Schiphol Airport isn't a bad place to hang out. There is a lounge on the second floor with institutional chaises, shops to explore, a museum. It's clean and bright. The Dutch speak how many languages?
Yes, the start to this trip to DR Congo has not followed the planned schedule.
First leg: Columbus to Detroit. We arrived in Detroit on time, then sat on the Tarmac for 45 minutes waiting to get to the gate.
Second leg: Detroit to Amsterdam. The flight was delayed for hours for equipment repair. Of course passengers Re never told what is wrong with the equipment! Probably best.
Once we boarded, we had another, almost 60 minute delay. First there was need for additional mechanical review. Ten we had to wait for more fuel.my ticket allowed for 2 hours to change planes in Amsterdam, so I was reasonably certain that there would be need for a change once we touched down at Schiphol. I was just one of who-knows-how-many were going to miss connections, though.
Sure enough, landed at 10:40am; flight to Entebbe leaving at 10:45. And, of course, I was in 3rd row from back of plane.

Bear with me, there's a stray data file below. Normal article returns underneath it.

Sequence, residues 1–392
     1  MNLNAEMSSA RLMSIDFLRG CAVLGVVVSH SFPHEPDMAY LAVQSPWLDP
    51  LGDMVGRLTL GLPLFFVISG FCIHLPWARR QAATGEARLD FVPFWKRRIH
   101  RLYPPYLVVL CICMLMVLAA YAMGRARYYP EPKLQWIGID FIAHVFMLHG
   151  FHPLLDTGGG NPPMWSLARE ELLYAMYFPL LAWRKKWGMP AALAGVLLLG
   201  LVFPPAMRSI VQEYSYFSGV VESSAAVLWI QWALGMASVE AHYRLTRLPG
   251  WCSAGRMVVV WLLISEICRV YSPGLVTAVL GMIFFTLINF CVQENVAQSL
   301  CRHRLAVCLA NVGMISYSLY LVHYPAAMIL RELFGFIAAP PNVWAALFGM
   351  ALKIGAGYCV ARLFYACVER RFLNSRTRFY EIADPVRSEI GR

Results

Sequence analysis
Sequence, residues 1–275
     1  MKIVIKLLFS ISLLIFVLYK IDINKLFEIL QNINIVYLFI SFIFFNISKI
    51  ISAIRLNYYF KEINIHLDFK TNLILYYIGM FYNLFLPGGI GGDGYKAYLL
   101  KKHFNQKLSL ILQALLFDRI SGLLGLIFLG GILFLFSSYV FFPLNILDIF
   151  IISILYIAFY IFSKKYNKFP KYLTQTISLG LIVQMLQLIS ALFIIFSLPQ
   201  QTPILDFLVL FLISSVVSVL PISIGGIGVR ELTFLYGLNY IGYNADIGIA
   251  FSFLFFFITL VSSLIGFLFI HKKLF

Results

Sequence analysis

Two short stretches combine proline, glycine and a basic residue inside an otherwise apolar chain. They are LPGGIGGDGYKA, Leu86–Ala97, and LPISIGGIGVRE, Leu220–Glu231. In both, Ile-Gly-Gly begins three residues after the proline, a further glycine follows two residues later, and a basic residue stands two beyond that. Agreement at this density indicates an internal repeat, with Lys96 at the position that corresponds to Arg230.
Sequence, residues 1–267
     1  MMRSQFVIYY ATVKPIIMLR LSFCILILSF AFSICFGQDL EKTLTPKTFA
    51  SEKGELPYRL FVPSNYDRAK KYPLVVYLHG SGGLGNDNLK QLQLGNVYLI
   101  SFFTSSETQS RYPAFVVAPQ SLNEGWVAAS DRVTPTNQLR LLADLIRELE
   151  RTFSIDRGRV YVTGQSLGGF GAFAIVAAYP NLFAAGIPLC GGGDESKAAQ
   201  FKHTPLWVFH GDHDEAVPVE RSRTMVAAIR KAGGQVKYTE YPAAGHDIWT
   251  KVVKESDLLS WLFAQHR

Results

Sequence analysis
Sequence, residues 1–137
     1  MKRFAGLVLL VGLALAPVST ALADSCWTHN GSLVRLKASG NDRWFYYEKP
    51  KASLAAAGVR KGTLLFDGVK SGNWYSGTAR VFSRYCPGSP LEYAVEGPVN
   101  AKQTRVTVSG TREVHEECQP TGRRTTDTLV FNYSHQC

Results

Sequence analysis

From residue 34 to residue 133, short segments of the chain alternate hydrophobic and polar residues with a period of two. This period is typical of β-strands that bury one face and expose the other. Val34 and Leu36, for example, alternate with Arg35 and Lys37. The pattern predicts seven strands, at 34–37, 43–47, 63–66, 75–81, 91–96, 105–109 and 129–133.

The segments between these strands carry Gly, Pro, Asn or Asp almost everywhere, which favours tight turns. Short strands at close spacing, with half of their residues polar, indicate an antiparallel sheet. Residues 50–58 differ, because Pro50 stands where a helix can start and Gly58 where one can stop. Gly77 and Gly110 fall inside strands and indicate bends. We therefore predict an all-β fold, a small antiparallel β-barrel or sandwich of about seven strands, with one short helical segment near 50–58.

So, my first experience with "self transfer" at Schiphol. When "passenger not found" showed up on the self-help screen, it was clear I couldn't "self-help."
Next was a 30 minute waiting in line for a number to GET help. When your number is "A181-Economy," you know it's going to be a wait. Service was being provided to A141, and then there were the "B" and "E" categories. And I don't think E stood for "Economy," as those numbers seemed to change rapidly. Oh well... Met a woman from Colorado heading to Budapest who leads camps for missionary kids--chance for them to get together, have fun, enjoy and share with each other.
And she helped me get onto the WiFi network.
So a 3-hour wait until my number was served, and I learned I would be spending the night in Amsterdam, and head to Entebbe the next day.
But, there were accommodations--hotel, bed, shower, and food.
All is well.